Give Notice to Gingivitis! Warning Signs You Need to Know

26 March 2018
 Categories: Dentist, Blog


While gingivitis might be a fairly common form of gum disease, it's important to be aware that if left untreated, it's only the beginning of the story. Gingivitis can develop into serious periodontal disease which can result in tooth loss, generally through a combination of decay in the teeth and destabilization of the gums (wherein the gums are no longer capable of supporting your teeth). Gingivitis is often the first sign that something is wrong, and quick action is needed to reverse its effects. Some of this can be achieved yourself, and some of it might require professional assistance. So what are these warning signs?

Bleeding Gums

Blood when brushing or flossing is a key sign. This means that the gum line has become inflamed and bleeds easily. Isolated bleeding that can be attributed to a particular mishap (such as over-vigorous flossing) do not necessarily point to gingivitis, but consistent bleeding can.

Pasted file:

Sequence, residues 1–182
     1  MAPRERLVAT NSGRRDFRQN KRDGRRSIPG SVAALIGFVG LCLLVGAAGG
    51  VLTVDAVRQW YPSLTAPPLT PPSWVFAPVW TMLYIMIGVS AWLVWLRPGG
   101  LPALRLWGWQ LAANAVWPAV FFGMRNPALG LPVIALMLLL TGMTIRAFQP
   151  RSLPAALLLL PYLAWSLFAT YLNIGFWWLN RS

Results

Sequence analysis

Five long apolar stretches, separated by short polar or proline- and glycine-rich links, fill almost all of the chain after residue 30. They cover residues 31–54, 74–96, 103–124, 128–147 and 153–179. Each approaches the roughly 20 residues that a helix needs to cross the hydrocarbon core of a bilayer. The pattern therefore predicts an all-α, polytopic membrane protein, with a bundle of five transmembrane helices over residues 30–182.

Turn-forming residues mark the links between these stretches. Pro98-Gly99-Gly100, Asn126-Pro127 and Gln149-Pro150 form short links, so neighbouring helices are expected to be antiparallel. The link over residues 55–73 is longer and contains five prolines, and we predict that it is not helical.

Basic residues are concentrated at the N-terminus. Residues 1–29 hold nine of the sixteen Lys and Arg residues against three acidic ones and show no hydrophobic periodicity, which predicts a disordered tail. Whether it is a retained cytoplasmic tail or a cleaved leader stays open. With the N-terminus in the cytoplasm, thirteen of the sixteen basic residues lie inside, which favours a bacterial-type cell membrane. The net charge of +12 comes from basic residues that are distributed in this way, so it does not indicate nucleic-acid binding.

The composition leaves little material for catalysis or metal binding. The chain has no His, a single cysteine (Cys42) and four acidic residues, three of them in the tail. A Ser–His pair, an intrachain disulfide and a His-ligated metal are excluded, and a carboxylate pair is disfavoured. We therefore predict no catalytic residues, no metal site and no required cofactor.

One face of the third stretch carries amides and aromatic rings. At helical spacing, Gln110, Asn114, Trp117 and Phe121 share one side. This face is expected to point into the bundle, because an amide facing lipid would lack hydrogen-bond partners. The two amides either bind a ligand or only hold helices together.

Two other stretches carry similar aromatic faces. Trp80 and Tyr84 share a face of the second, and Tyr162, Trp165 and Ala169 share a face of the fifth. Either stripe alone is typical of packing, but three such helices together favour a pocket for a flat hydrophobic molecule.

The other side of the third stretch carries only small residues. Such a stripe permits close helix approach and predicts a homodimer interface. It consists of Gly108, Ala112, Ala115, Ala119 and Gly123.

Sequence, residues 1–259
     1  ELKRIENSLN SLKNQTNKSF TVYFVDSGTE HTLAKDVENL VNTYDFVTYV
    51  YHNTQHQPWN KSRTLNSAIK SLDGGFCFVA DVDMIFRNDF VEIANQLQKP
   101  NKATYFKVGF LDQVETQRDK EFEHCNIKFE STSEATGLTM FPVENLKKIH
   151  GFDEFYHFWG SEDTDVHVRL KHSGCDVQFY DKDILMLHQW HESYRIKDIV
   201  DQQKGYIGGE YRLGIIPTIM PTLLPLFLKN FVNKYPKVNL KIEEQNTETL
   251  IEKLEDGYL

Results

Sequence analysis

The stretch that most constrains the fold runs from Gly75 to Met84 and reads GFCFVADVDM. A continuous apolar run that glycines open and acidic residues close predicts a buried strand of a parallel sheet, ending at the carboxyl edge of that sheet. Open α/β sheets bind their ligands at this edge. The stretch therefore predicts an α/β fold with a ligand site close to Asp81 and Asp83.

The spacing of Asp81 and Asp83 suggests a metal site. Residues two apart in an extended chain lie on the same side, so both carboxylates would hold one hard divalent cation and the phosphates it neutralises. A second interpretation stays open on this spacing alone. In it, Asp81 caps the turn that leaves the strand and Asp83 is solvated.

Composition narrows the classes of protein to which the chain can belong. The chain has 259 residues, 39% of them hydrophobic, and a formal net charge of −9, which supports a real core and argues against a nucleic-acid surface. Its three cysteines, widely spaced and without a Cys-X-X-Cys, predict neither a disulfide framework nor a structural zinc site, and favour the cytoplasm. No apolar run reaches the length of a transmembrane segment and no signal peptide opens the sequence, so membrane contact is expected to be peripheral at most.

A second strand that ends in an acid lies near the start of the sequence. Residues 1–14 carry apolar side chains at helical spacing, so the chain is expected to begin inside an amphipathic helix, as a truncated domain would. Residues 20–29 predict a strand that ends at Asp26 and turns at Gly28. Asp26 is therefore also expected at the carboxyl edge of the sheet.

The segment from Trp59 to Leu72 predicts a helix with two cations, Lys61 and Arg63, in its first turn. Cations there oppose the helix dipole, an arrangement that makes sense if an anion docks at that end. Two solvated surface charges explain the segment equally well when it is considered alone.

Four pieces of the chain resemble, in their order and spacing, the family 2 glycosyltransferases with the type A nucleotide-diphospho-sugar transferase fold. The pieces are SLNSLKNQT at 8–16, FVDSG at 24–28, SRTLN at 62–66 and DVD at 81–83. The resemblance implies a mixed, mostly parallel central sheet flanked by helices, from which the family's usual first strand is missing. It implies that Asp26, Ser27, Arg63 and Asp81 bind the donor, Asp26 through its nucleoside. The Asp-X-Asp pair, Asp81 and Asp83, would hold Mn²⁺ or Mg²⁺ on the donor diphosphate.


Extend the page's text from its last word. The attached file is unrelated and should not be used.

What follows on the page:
If bleeding gums have become a common occurrence, take a close look at your gum line in a well-lit mirror. Can you see any inflammation (generally darker, irritated-looking tissue on the gum line)? Does it appear that your gums might be receding (which is when the curve of exposed tooth at the gum line seems to be elongating)?

Bad Breath

Is your breath bad regardless of what you've had to eat? Again, isolated occurrences of bad breath might not be a sign of gum disease on their own, and yet when coupled with other symptoms, it can be a clear and potent warning sign.

Get Professional Assistance

You will need to visit your dentist as soon as possible if you should notice any of these warning signs that have led you to suspecting you might have gingivitis. Your dentist will likely perform scaling, which is an intensive cleaning process designed to remove plaque buildup. It's more exhaustive than a standard cleaning (even a cleaning performed by a dentist) and will greatly improve the overall health of your teeth, helping to nip that gingivitis in the bud.

Your dentist will also discuss your oral hygiene practices with you. Don't be afraid of receiving a lecture if your practices have become a little bit too relaxed. Your dentist needs to receive an comprehensive and honest assessment of the situation so that they can give you practical advise. This might include using specific products, upgrading your toothbrush, and increasing the frequency of your cleaning.

It's not as though gingivitis is going to go away of its own accord, and it's important that you take the necessary steps to stop it in its tracks before it becomes a more serious form of gum disease.